Gun ban has been pricy battle

U administrators have spent more than $300,000 since 2002 to keep the U’s campus gun-ban policy in place.

The rule, though now suspended, prohibits students, faculty and staff from packing firearms on campus.

The dispute started in 2001 when Utah Attorney General Mark Shurtleff authored a legal opinion stating that the gun ban violated the state constitution.

U administrators fired back by filing a federal suit the following spring challenging Shurtleff’s opinion-now, almost five years and several hundred thousand dollars later, the dispute continues.

The U has used money from a private endowment to defend the campus weapons policy. The fund is derived from private donations and can be spent at the U president’s discretion.

While the legal battle over the gun issue has not been funded by tuition or student fees, some students think the money has been spent unwisely.

“I think it’s a worthwhile venture to protect the idea of not letting guns on campus, but it seems like an excessive amount (of money), regardless of the source,” said Breanne Miller, a senior in political science and Spanish and president of the U College Democrats.

Brent Tenney, a senior in information systems who leads a student group advocating gun rights, said the U is “wasting money” on a dispute it “never had a prayer of winning.”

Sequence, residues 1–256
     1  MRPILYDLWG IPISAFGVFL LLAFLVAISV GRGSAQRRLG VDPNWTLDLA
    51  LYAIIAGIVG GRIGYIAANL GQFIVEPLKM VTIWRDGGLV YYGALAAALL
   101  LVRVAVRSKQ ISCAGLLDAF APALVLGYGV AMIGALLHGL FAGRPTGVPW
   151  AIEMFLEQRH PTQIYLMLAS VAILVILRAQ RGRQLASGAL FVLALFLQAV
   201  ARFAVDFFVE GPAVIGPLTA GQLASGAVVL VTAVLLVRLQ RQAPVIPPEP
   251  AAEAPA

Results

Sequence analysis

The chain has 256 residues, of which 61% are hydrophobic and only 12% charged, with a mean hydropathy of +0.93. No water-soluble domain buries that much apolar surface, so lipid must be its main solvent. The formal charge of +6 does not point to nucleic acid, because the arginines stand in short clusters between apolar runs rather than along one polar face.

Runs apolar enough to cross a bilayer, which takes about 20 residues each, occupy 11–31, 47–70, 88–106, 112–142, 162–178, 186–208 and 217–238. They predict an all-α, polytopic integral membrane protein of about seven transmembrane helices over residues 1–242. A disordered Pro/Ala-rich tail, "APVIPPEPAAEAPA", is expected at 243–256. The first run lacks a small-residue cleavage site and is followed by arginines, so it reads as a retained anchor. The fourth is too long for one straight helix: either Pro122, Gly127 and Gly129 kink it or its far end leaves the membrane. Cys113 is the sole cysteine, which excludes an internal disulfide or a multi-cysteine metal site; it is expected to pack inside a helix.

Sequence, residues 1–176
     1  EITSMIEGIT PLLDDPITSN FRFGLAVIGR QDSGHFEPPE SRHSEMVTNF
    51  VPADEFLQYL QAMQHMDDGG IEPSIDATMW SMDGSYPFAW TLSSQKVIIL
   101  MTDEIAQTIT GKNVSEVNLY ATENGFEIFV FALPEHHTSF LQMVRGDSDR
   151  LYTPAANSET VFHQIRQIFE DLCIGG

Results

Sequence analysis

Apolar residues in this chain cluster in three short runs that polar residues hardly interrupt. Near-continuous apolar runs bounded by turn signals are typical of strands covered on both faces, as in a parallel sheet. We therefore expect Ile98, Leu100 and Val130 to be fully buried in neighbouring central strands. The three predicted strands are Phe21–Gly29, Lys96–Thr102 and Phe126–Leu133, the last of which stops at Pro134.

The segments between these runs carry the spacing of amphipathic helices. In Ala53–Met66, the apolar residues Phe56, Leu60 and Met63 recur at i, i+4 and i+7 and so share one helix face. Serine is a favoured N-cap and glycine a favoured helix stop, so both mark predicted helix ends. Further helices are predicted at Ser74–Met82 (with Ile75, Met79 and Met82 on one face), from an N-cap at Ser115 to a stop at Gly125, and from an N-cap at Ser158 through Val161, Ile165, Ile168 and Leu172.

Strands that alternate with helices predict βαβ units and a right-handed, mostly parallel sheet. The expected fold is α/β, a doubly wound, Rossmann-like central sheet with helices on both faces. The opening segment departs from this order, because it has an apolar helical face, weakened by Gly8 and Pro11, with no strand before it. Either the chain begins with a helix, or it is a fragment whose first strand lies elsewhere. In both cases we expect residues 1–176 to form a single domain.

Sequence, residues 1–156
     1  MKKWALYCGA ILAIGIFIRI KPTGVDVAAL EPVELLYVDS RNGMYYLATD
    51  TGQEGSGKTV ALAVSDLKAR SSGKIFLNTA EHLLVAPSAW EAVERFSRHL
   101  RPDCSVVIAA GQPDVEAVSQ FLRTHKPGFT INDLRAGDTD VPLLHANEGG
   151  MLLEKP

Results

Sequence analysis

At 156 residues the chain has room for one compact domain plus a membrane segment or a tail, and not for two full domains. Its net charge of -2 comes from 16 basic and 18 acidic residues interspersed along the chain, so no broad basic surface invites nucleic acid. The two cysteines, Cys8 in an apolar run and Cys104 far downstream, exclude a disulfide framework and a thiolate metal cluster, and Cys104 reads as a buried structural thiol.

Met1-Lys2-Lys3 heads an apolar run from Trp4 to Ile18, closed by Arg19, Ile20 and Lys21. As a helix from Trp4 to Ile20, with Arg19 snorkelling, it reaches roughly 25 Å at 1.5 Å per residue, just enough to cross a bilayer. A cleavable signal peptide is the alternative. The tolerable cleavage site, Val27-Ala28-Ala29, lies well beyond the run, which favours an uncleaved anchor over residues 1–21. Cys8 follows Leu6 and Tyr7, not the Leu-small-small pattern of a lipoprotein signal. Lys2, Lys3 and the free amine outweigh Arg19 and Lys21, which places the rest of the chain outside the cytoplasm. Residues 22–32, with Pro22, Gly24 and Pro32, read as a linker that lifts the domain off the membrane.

Most of the money was spent under the leadership of former University of Utah President Bernard Machen.

Machen is out of the country and could not be reached for comment.

Current University of Utah President Michael Young said that while “litigation is not (his) first choice to solve problems,” he will not “second guess” decisions Machen made while at the U.

Young is currently talking with leaders in the Utah State Legislature about restoring the gun ban.

The campus gun ban was suspended earlier this year after the Utah Supreme Court ruled that the policy violated a 2004 amendment to state law prohibiting the U from banning firearms.

Young originally said the U would enforce the no-gun policy for U students and personnel despite the court ruling. Several weeks later, he announced in an e-mail addressed to students that the policy would be “temporarily suspended” until an agreement could be met with state legislators.